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PICList Thread
'New ideas'
1997\10\28@201128 by William Chops Westfield

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   >> I don't agree with you on this - PAX has spent a long time without
   >> significantly improving their products and just raking in the profits.
   >
   >I disagree. They promoted a good idea through ads, trade shows
   >and they developed the product line over time. Their continued
   >promotion continued to develop a market for the Stamp and
   >Microchip PIC based products.  They tirelessly promoted neat
   >solutions to complex problems.

   This new subject being, did Parallax *first* come up with the idea?

   If they did, I would agree with you that they should enjoy some sort
   of protection.  They didn't.  The earliest reference I have for this
   idea is in my 1982 Intel Microcontroller's databook with an 8052
   burned with a BASIC interpreter.

Um, I think I missed part of the discussion.  Is Parallax getting fussy
over basic-stamp-like machines?  They didn't seem too be for a long time
(to their credit), but perhaps they were entitled.  The 8052-basic was
an entirely different sort of beast.  The core of PAX's "innovations"
were twofold:

1) Using a serial eprom containing pre-tokenized interpretter code to allow
  small and low-pincount "high level language" products without
  sacrificing (too much) performance.  (lump in here cross-platform
  developement, which was a good idea but not at all new.)

2) coming up with a set of somewhat basic-like primitives that were a good
  match with features required by the embedded programming community. (and
  also picking a useful subset of basic.)

Intel's 8051-basic chip was neat, but it stored a full basic interpretter
(including floating point), and full basic source code for the user
application, in the roms, and to do controller type things I think you had
to start using "standard" basic functions like peek and poke for all your
external pin access and whatnot.  (Now, split things up and put a bytecode
interpretter with no floating point in an 89C2051 with bytecodes in serial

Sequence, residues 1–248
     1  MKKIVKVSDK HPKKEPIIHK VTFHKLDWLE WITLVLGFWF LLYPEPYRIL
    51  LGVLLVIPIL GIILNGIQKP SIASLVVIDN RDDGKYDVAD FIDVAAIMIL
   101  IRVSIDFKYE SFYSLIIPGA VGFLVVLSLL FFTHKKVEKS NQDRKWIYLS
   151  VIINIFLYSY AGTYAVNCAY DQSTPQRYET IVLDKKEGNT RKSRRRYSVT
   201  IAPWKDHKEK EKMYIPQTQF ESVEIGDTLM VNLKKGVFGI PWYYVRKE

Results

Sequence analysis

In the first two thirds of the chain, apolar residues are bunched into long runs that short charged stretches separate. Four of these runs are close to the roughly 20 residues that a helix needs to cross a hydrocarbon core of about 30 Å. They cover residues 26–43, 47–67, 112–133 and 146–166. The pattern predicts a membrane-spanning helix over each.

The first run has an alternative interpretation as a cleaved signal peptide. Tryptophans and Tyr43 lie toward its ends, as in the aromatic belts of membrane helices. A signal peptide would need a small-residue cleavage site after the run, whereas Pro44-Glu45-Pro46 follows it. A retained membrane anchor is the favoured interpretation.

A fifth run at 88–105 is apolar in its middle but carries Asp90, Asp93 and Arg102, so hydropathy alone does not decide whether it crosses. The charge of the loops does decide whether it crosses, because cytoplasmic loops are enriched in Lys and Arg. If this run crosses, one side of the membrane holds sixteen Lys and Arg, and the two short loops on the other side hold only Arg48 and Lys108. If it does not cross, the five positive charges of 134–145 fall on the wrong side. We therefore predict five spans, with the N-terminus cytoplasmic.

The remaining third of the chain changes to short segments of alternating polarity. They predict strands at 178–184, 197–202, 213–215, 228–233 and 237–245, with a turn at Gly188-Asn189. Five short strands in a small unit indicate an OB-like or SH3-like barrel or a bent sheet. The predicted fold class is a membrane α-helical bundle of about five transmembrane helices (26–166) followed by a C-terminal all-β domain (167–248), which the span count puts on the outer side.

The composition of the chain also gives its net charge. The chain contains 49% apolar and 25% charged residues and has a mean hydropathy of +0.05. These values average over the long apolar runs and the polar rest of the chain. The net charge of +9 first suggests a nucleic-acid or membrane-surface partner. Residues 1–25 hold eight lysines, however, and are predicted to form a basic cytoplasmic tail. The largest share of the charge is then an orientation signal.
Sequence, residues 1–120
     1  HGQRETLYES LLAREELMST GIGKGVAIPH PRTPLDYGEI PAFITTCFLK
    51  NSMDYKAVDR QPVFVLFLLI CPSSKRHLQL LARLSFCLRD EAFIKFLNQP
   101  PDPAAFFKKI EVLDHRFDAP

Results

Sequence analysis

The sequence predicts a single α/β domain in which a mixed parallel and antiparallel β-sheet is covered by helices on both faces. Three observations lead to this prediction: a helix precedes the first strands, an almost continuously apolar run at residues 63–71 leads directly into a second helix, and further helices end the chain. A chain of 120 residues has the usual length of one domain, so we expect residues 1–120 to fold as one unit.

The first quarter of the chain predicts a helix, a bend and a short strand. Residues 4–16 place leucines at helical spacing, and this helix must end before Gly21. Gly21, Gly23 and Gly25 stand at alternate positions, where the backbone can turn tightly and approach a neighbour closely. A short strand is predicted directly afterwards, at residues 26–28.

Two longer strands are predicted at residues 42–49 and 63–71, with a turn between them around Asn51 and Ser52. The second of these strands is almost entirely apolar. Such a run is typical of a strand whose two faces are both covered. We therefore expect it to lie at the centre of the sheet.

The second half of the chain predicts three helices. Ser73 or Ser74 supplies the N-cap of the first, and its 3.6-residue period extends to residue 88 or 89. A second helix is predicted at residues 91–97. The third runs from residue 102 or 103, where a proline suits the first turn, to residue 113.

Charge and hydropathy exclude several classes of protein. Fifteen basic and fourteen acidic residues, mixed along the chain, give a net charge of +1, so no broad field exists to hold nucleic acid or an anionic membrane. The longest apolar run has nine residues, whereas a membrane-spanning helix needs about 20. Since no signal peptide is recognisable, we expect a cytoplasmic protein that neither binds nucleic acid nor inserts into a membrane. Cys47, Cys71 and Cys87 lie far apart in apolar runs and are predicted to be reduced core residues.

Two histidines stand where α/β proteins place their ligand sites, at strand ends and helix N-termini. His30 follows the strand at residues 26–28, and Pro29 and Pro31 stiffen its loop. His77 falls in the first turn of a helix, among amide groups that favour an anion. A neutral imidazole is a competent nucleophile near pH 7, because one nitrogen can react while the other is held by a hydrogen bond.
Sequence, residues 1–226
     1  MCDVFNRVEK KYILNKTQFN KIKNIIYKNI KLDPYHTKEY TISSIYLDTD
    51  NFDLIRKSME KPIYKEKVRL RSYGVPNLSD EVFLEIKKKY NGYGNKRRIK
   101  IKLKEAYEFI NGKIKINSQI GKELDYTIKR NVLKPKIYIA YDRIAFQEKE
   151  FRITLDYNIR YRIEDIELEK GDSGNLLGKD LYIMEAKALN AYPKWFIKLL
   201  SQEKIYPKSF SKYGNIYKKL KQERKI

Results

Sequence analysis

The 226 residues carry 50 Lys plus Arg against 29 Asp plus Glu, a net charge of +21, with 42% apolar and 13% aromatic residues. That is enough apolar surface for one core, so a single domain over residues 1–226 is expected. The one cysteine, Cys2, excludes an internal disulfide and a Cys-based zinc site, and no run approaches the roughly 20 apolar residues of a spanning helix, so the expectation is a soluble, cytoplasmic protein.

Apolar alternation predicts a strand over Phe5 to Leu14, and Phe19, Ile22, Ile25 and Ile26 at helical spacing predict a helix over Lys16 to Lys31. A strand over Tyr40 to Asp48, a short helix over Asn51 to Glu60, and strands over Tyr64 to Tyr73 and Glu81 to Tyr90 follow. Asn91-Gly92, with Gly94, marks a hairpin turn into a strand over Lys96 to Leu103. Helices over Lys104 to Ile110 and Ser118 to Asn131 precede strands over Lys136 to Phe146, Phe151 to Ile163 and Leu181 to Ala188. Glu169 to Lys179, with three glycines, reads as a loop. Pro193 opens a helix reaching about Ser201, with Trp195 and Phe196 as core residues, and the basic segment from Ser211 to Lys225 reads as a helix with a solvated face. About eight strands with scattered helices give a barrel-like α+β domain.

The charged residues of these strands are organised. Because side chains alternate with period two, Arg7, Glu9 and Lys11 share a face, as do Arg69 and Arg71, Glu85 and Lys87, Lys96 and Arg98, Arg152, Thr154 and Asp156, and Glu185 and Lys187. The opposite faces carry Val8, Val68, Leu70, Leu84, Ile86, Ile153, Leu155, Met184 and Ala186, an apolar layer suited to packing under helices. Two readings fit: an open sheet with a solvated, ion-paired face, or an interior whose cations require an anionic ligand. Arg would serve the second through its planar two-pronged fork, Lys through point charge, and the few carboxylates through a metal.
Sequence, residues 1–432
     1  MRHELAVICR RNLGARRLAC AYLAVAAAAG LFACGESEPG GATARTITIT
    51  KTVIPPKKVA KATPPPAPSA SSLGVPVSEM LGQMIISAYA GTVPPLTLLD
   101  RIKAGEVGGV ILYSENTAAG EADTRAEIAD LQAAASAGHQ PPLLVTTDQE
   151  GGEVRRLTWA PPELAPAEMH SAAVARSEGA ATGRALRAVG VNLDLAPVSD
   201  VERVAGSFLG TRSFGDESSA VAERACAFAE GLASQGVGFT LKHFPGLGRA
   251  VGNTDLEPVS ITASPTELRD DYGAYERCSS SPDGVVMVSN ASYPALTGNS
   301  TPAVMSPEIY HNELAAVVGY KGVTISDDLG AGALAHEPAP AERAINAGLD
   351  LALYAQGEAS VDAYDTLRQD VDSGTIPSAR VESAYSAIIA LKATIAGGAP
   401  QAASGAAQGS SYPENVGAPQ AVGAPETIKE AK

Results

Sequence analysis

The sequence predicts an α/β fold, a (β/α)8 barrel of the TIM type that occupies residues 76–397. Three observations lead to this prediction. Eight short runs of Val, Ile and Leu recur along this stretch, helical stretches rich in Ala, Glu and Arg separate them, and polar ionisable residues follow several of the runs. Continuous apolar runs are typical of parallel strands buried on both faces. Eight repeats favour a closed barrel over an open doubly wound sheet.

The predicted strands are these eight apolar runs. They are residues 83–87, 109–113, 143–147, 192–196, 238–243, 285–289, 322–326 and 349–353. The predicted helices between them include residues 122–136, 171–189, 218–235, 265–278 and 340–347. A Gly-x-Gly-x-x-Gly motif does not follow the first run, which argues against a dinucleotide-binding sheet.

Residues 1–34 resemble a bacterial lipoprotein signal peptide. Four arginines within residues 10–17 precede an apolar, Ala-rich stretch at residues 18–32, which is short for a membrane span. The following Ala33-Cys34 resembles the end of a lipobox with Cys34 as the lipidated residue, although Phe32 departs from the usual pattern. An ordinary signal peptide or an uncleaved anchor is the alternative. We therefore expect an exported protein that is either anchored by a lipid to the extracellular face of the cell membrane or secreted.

EEPROM, and you'd be getting interestin again.)

I think the basic stamp was patentable, but I don't think parallax patented
it, and we should be slightly thankful.  (Certainly there have been messy
patent issues over (impossibly general) ideas that were less innovative.
Look at things like the Solderblum (?) patents covering "all token ring
like networks".)

If this isn't what we're talking about, I'll shut up and go away...

BillW

1997\10\28@215008 by Walter Banks

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William Chops Westfield wrote:


> Um, I think I missed part of the discussion.  Is Parallax getting
> fussy over basic-stamp-like machines?  They didn't seem too be for a
> long time (to their credit), but perhaps they were entitled.

Let me quickly put a stop to this before the rumors start. As far as
I know Parallax has not changed their position on the basic stamp
technology.

This thread started as a one sentence comment I put in a post I
wrote last night in a longer item about virtual devices. The
comment referred to stamp technology and was,

   ãIt is a shame that so many companies have chosen
    sell reverse engineered derivatives of those
    products and discourage many creative developers
    from promoting their ideas in hardware and
    softwareä.(end of soapbox)


Bill, I agree with the last sentence of your comment that
implies that Parallax has been very tolerant.

The opinions expressed were entirely mine.

Walter Banks

1997\10\28@215438 by Myke Predko

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At 05:09 PM 28/10/97 PST, Billw wrote: